NEW YORK (AP) — It can be tough to get a conversation going if you want to talk about the late stages of dementia, your last will and testament or the recent passing of your mother.
“When you’re at a cocktail party and you lead off by saying, ‘What do you think about death?’ it’ll be, ‘C’mon, man, it’s a party! Chill out!’ says Len Belzer, a retired radio host from Manhattan.
Belzer is among a growing number of people around the world who are interested enough in death to gather in small groups in homes, restaurants and churches to talk about it.
The gatherings, known as Death Cafes, provide places where death can be discussed comfortably, without fear of violating taboos or being mocked for bringing up the subject.
Organizers say that there’s no agenda other than getting a conversation started — and that talking about death can help people become more comfortable with it and thereby enrich their lives.
“Most people walking down the street, they’re terrified of death,” said Jane Hughes Gignoux, 83, an author who leads Death Cafe gatherings at her Manhattan apartment. “But if you think of death as part of life and let go of the fear, you think more about living your life well.”
Jon Underwood, who organized the first Death Cafe in London two years ago, said he was inspired by death discussions pioneered by Bernard Crettaz, a Swiss sociologist. The first Death Cafe in the U.S. was held in Columbus, Ohio, last year, and “It’s just kind of snowballed,” he said, estimating nearly 300 Death Cafes have been held in the U.S., Britain, Canada, Australia, New Zealand, Italy, Portugal, Brazil and Singapore.
At a recent two-hour Death Cafe shepherded by Gignoux, six participants, most in their 60s, talked easily over tea and biscotti.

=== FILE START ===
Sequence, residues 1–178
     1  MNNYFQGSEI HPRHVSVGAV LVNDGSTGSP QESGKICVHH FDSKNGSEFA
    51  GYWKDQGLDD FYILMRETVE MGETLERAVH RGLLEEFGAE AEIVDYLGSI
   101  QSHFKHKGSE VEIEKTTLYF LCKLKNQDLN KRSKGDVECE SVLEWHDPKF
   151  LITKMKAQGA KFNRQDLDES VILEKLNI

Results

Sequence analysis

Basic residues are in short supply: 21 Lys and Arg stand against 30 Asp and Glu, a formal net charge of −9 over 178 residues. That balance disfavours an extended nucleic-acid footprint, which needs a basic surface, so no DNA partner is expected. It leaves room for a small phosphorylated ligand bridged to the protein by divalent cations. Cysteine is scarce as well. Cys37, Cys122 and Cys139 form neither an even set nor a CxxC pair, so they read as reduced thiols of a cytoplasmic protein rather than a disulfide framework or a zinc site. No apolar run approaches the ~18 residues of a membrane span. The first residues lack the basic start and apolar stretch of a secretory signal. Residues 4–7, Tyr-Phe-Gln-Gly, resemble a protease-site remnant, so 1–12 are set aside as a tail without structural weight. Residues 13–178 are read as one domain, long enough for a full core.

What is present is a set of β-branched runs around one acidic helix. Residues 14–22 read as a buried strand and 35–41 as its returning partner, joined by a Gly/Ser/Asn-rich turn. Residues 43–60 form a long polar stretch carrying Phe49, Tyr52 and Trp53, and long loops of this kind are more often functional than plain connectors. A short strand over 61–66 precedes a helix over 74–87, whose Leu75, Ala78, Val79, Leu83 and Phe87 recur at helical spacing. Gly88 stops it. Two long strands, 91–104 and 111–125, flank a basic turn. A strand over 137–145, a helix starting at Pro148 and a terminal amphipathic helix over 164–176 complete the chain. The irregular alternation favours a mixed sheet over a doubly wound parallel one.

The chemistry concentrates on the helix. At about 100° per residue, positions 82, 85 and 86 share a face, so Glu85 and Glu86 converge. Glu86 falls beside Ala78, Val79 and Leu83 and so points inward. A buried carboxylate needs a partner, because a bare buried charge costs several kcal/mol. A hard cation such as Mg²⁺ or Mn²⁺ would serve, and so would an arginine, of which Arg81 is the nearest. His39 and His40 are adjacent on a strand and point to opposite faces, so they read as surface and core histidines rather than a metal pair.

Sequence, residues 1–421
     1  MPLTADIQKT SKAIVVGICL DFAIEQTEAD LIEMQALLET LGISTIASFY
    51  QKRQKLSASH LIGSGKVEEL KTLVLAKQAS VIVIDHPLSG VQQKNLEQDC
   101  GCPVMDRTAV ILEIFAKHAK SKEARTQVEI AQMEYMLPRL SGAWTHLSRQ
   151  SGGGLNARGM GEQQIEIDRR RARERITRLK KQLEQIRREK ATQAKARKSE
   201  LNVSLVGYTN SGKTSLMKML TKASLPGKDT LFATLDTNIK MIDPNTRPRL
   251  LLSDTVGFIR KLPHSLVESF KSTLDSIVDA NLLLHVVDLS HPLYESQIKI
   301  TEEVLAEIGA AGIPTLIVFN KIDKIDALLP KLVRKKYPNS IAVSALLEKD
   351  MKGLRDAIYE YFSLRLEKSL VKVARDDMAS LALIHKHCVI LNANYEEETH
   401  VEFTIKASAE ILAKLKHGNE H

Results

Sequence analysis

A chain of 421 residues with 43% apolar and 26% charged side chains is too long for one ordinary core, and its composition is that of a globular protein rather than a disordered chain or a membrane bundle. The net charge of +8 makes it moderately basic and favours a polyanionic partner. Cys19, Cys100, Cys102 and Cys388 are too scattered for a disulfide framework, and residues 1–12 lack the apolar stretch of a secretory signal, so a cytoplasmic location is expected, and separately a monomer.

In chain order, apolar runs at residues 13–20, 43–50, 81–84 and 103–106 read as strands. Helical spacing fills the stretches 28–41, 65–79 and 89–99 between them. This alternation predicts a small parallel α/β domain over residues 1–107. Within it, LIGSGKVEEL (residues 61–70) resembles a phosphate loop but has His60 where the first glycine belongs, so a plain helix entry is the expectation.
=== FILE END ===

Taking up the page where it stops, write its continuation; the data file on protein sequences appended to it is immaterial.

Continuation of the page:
Kathryn Janus, 66, noted that death involves “a lot of ‘why?’ Why did a 12-year-old with leukemia die? Why did a cat get run over?”
Marjorie Lipari, 68, talked about the death of her twin brother 16 years ago.
“What does one do with that kind of hole?” she asked. “It never occurred to me he wouldn’t be with me for my whole life.”
Robb Kushner, 62, discussed the differences between Christian and Jewish funerals he’d been to, noting the open casket at a Methodist wake. Alicia Evans, in her 40s, then told the tale of a man known to be a bit “scruffy” in life who was nicely tidied up by the embalmer.
“He looked so good in the coffin I wanted to give him my number,” she said, cracking up the group.
Other subjects commonly brought up at Death Cafes range from financial planning to suicide. They include cremation, memorial services, loved ones’ last moments and the possibility of an afterlife.
Jane Bissler, incoming president of the Association for Death Education and Counseling, a professionals’ group, said she approves of the Death Cafe concept because people can speak freely about a subject that has become increasingly taboo.
“We’ve tried to shield our children. Some of them don’t know what to do at a funeral home or how to support a friend who’s lost someone,” she said. “We’ve raised a whole generation of folks that may not be talking about death.”
Audrey Pellicano, 60, a Death Cafe facilitator, said it’s not surprising baby boomers have avoided talking about death because their generation has been resisting aging for decades.
“We don’t deal with loss,” she said. “We know how to acquire things, not how to give them up. We have no idea how to leave this life and everything we’ve got.”